Home > News > Stop Press Update 17 June 2022

UKWIN celebrates Scotland’s incinerator moratorium announcement

The UK Without Incineration Network (UKWIN) applauds the Scottish Government’s decision to accept the recommendation of the independent Incineration Review that, effective immediately, no further planning permissions should be granted for new waste incineration capacity.

UKWIN agrees with the Review findings that Scotland still faces incineration overcapacity and that this acts as a barrier to a more circular economy for Scotland.

Today’s announcement of a moratorium on new incinerators in Scotland is an important first step towards a viable ‘incineration exit strategy’. Whilst we celebrate today’s decision we call upon the Scottish Government to take the next steps towards a strategically-planned progressive phasing out of incineration. Such a move would support Scotland’s transition to a more circular, and genuinely lower carbon, economy. UKWIN also calls upon the resource and waste management industry, including investors, to get behind the changes necessary to transition away from incineration and towards greater reuse and recycling.

UKWIN’s National Coordinator, Shlomo Dowen

Commenting on the potential wider implications of the decision

Incineration rates in England have jumped from less than 10% in 2005 to more than 48% in 2020, with yet more incineration plants currently under construction. However, if we are to recycle 65% or more of our municipal waste then we need to reduce the amount sent for incineration. With Scotland and Wales accepting incinerator bans as both necessary and desirable, we naturally look now to the UK Government to follow Scotland’s approach by adopting an immediate moratorium on new incineration capacity in England to prevent new permissions from being issued while the Government considers the compelling case for implementing a more permanent ban.

UKWIN’s National Coordinator, Shlomo Dowen


The United Kingdom Without Incineration Network (UKWIN) is a network comprising more than 100 member groups who oppose waste incineration.

UKWIN opposes the incineration of waste, including via gasification and pyrolysis, because incineration depresses recycling, destroys valuable resources, releases greenhouse gasses, and is a waste of money. Incineration has no place in the zero waste closed-loop circular economy towards which we should be working. See: http://ukwin.org.uk/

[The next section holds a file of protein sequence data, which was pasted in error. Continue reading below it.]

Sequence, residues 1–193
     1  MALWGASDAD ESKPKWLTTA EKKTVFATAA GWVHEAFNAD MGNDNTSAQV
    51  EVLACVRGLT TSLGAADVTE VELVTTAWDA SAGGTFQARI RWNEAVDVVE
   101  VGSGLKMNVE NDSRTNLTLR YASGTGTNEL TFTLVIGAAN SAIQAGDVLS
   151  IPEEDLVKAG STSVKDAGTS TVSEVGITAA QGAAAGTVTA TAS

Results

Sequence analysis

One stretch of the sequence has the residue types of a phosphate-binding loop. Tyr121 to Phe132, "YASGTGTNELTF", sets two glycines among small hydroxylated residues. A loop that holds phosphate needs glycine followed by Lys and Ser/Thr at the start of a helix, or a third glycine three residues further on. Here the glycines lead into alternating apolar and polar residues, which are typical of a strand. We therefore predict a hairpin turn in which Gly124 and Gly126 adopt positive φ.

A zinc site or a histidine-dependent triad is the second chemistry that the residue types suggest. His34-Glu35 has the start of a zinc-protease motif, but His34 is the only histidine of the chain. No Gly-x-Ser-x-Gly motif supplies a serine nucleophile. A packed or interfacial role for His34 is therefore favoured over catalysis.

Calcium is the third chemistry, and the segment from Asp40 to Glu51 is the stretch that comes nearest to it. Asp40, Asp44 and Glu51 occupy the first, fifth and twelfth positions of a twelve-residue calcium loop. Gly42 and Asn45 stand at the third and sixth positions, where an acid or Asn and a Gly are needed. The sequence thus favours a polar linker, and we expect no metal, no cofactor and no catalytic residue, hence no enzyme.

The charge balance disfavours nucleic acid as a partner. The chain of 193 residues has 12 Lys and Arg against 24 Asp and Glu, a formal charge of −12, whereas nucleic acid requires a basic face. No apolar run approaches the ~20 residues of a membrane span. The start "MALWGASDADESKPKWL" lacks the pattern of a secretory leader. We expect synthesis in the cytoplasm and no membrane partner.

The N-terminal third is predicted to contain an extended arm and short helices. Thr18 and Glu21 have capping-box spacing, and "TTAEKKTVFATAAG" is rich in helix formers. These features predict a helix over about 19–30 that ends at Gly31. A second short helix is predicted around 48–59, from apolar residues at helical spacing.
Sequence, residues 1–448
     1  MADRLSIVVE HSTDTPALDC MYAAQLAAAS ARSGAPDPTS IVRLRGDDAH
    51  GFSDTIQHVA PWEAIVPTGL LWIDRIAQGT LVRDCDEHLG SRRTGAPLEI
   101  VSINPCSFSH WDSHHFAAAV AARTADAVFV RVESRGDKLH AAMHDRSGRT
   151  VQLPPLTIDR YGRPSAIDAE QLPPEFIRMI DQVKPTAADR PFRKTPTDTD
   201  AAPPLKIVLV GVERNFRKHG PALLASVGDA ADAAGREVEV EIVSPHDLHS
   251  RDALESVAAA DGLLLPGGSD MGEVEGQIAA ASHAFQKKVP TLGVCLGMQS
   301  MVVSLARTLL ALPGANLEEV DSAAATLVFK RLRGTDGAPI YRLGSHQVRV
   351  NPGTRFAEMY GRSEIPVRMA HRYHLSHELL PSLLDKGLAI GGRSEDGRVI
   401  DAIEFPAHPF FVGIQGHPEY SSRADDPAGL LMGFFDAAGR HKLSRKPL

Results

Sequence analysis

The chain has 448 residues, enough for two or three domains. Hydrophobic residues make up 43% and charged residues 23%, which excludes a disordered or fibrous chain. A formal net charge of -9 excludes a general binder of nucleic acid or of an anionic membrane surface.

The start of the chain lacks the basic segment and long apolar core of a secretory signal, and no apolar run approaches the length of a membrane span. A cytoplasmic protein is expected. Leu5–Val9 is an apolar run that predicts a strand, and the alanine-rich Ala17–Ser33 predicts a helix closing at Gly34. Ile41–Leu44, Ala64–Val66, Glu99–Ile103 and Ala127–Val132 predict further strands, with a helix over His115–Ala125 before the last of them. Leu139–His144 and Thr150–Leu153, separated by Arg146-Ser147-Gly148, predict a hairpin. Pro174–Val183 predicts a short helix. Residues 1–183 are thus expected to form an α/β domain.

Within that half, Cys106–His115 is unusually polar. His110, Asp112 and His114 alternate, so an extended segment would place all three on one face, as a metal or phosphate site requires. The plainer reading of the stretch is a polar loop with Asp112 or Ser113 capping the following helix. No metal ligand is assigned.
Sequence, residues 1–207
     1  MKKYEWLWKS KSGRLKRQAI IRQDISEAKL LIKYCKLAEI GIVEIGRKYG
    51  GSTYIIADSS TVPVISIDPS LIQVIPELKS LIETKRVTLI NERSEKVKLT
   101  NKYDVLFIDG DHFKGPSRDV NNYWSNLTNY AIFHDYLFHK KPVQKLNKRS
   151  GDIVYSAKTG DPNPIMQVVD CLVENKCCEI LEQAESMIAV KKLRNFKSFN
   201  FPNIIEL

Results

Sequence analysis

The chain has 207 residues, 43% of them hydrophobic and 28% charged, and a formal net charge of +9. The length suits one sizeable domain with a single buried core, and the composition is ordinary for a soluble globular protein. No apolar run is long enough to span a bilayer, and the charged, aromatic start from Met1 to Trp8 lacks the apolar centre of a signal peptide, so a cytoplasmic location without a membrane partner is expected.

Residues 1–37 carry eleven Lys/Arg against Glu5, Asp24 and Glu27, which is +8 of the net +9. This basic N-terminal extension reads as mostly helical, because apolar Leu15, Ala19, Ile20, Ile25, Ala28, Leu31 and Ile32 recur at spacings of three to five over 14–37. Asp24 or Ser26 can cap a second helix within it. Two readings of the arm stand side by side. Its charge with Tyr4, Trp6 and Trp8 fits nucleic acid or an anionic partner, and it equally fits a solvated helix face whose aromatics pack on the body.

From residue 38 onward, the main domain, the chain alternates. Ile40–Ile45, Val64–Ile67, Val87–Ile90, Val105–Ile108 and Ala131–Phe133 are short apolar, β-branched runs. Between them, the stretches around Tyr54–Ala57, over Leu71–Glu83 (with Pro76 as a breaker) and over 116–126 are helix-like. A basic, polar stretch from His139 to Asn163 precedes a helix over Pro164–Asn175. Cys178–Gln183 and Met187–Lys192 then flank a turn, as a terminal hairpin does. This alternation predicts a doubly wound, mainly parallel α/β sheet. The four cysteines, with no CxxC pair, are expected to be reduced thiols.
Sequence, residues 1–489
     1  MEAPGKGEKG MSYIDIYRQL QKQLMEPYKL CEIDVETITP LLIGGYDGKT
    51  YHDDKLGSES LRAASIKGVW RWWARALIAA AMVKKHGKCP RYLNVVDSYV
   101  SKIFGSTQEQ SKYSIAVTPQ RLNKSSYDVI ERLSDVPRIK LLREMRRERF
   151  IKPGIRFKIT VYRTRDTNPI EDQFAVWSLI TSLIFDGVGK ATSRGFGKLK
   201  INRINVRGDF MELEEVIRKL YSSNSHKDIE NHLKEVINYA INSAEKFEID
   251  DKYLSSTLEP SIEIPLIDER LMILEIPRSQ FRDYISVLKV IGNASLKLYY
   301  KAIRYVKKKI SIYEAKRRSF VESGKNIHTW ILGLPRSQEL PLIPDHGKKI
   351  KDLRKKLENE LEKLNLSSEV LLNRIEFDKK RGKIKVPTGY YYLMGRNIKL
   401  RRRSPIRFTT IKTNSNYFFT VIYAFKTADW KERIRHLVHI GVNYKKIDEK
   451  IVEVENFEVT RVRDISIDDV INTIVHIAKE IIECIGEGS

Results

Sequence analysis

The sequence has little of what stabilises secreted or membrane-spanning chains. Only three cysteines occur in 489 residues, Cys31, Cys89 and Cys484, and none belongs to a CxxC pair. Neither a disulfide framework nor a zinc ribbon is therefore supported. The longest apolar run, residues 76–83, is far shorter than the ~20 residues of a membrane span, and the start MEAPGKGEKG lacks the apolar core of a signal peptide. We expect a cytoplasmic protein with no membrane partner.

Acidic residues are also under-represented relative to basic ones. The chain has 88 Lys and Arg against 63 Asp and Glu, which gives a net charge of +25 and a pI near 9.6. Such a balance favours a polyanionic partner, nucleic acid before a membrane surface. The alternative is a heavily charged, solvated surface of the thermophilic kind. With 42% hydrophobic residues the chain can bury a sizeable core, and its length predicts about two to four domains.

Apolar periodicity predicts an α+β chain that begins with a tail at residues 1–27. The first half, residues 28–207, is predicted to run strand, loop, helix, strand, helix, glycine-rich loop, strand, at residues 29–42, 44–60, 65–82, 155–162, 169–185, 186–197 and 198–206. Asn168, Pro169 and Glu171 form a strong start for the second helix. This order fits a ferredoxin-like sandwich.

For more about UKWIN’s reasons for opposing waste incineration, see: https://ukwin.org.uk/oppose-incineration/ and for UKWIN’s submission to the Scottish Incineration Review see: https://ukwin.org.uk/files/pdf/UKWIN-Submission-to-Scottish-Incineration-Review-February-2022.pdf

To discuss this press release, please feel free to contact UKWIN by email to: coordinator@ukwin.org.uk or by telephone on 01623 640134

Earlier this month the Wildlife and Countryside Link set out the environmental and social harms of incineration, writing that we need a moratorium on new incinerators alongside measures to reduce their harm.

See: https://www.wcl.org.uk/we-need-political-fuel-on-the-fire-to-halt-waste-incineration.asp

The blog, ‘We Need Political Fuel on the Fire to Halt Waste Incineration’ notes:

The proposed legislation would place a ban on the consenting of new waste incinerators and the expansion of existing waste incinerators, would place a duty on incineration plant operators to better prevent the combustion of plastic waste (with its associated high greenhouse gas emissions), and compel the Government to commission annual independent reviews on incinerator capacity… Although no MPs have taken this issue forward today, there will be opportunities over the coming months for campaigning MPs to advance this cause. We hope this proposed bill can spark a debate on the future role of incineration in England and spur further action on an incineration tax (which can’t be introduced as a Private Members’ Bill) to ensure that incinerator operators pay for the harm caused by their activities.

Additional Information

Report and supporting documents relating to the Independent Review of the Role of Incineration in the Waste Hierarchy in Scotland: